Biofuel targets could leave Africa hungry

European Union countries must drop their biofuels targets or risk plunging more Africans into hunger and raising carbon emissions, according to Friends of the Earth (FoE).

In a campaign launched on Tuesday the charity accuses European companies of land-grabbing throughout Africa to grow biofuel crops that directly compete with food crops. Biofuel companies counter that they consult local governments, create investment and jobs and often produce fuels for the local market.

FoE has added its voice to an NGO lobby that claims local communities are not properly consulted and that forests are being cleared in a pattern that echoes decades of exploitation of other natural resources in Africa. In its report, “Africa: Up for Grabs”, the group says the key to halting the land grab is for EU countries to drop a goal to produce 10% of all transport fuels from biofuels by 2020.

“The amount of land being taken in Africa to meet Europe’s increasing demand for biofuels is underestimated and out of control,” says Kirtana Chandrasekaran, food campaigner for FoE in the UK. “Especially in Africa, as long as there’s massive demand for biofuels from the European market, it will be hard to control. If we implement the biofuels targets, it will only get worse.”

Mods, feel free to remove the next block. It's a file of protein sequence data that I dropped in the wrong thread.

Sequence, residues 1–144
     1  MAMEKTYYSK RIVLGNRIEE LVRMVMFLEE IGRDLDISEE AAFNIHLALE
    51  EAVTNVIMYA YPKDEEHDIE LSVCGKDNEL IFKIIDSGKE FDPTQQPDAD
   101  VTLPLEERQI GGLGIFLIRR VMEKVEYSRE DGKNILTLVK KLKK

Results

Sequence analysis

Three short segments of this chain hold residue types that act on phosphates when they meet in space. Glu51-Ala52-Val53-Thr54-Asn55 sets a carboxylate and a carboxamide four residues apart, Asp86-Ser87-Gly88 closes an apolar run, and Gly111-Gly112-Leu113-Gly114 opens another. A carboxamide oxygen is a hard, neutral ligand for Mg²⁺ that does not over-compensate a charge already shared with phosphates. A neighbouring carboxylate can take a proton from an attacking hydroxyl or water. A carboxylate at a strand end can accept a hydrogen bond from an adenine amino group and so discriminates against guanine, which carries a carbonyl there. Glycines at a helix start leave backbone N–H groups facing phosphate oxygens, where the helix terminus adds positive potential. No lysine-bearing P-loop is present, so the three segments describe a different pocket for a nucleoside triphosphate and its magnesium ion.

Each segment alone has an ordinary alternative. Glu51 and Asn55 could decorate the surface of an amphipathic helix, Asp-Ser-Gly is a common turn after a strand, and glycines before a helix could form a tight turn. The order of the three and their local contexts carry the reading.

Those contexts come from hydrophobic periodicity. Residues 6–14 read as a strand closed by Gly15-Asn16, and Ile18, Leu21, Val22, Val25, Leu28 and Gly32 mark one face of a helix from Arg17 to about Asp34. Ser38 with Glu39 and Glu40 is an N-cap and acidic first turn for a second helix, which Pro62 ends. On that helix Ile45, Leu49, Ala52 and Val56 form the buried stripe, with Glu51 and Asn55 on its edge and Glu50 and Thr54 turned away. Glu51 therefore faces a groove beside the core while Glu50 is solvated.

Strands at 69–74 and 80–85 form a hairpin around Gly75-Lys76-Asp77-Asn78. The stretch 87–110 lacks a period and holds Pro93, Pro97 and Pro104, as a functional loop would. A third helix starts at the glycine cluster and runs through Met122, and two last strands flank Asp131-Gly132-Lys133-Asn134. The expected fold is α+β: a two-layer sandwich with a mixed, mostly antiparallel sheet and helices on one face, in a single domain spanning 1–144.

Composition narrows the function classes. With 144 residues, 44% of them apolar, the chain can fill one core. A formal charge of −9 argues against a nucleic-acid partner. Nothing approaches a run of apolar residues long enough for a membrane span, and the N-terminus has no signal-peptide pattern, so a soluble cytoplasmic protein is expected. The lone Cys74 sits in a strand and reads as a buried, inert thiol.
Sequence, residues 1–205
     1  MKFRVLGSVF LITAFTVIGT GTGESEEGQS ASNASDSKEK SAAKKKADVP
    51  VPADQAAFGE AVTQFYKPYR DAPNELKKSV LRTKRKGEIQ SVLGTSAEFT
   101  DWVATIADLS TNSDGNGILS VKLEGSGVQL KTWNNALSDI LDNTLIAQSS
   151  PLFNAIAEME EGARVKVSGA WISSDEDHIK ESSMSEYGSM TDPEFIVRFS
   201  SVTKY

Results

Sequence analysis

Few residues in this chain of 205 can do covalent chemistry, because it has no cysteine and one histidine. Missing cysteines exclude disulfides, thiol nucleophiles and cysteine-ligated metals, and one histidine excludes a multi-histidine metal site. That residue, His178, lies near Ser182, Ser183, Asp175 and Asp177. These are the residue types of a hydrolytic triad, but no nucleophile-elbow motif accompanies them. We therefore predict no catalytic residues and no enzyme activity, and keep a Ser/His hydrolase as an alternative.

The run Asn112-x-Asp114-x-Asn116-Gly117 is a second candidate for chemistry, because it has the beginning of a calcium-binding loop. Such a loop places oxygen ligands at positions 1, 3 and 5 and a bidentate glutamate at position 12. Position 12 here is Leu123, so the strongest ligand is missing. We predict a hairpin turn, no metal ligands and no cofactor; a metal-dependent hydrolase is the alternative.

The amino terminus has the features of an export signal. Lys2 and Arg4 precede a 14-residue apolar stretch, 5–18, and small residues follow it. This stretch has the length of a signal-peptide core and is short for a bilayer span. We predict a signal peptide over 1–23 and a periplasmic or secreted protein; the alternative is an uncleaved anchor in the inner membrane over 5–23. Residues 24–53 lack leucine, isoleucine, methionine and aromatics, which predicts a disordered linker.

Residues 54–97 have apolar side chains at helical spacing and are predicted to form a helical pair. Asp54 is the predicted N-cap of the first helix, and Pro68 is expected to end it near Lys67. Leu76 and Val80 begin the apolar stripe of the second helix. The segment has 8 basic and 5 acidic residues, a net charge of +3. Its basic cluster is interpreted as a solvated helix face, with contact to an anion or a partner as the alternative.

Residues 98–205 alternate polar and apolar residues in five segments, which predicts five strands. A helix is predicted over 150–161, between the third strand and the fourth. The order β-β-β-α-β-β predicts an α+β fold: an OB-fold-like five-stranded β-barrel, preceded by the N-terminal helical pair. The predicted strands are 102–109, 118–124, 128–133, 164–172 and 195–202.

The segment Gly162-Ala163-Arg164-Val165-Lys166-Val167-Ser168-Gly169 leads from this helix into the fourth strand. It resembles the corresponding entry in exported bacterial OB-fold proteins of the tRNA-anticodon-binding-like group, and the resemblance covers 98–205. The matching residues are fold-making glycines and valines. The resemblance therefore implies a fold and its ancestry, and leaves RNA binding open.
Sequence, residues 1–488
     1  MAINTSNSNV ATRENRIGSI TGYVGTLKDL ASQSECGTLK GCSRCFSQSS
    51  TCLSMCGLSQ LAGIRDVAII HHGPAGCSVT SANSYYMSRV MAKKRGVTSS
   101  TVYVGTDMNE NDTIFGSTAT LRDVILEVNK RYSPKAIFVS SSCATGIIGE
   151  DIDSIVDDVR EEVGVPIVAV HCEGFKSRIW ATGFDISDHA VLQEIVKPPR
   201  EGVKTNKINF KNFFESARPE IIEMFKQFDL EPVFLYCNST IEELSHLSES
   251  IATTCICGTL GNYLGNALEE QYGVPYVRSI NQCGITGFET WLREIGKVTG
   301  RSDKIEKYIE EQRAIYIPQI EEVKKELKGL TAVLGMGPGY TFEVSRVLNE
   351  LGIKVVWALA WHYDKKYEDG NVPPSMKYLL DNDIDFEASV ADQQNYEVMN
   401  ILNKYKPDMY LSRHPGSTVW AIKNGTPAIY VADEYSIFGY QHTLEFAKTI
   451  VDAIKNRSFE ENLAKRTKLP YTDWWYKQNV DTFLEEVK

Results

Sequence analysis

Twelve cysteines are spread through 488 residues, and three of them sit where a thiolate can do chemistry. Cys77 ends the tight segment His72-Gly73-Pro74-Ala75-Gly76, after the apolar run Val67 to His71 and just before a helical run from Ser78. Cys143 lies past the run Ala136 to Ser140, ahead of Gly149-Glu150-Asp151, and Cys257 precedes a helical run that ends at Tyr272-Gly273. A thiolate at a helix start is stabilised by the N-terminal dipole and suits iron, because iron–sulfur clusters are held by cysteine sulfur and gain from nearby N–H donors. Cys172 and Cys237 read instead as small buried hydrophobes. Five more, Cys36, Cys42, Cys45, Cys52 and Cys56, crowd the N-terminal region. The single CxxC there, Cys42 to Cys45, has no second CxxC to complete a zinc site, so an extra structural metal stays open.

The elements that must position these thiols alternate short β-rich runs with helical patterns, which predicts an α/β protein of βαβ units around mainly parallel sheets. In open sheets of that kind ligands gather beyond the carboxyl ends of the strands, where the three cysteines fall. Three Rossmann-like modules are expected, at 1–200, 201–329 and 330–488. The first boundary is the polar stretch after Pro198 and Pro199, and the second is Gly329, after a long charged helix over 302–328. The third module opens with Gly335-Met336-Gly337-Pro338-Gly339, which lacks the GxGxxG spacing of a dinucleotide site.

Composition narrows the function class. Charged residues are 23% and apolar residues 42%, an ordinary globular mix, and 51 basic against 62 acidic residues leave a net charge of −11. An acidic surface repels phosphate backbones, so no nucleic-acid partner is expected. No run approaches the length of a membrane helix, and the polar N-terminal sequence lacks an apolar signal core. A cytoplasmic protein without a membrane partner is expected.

A number of European companies have planted biofuel crops such as jatropha, sugar cane and palm oil in Africa and elsewhere to tap into rising demand. But the trend has coincided with soaring food prices an ignited a debate over the dangers of using agricultural land for fuel.

Producers argue that typically, they farm land not destined or suitable for food crops. But campaigners reject those claims, with FoE saying that biofuel crops, including non-edible ones such as jatropha, “are competing directly with food crops for fertile land”.

ActionAid claimed this year that the European biofuel targets could result in up to 100-million more hungry people, increased food prices and landlessness. Natural disasters, including floods in Pakistan and a heatwave in Russia, have wiped out crops in recent weeks and intensified fears of widespread food shortages.

The United Nations has singled out biofuel demand as a factor in what it estimates will be as much as a 40% jump in food prices in the coming decade. Estimates of how much land in Africa is being farmed by foreign companies and governments, either for food or fuel crops, vary significantly. The FoE report focuses on 11 African countries in what it sees as a rush by foreign companies to farm there.

In Tanzania, for example, it says that about 40 foreign-owned companies, including some from the UK, have invested in agrofuel developments. It argues that such activities are actually raising carbon emissions in many cases because virgin forests are being cut down.

Sun Biofuels, a British company named in the report, criticised the charity’s research as “emotional and anecdotal”. Its chief executive, Richard Morgan, said that biofuel production offered “an opportunity to get investment into local communities in an ethical way”.—

 

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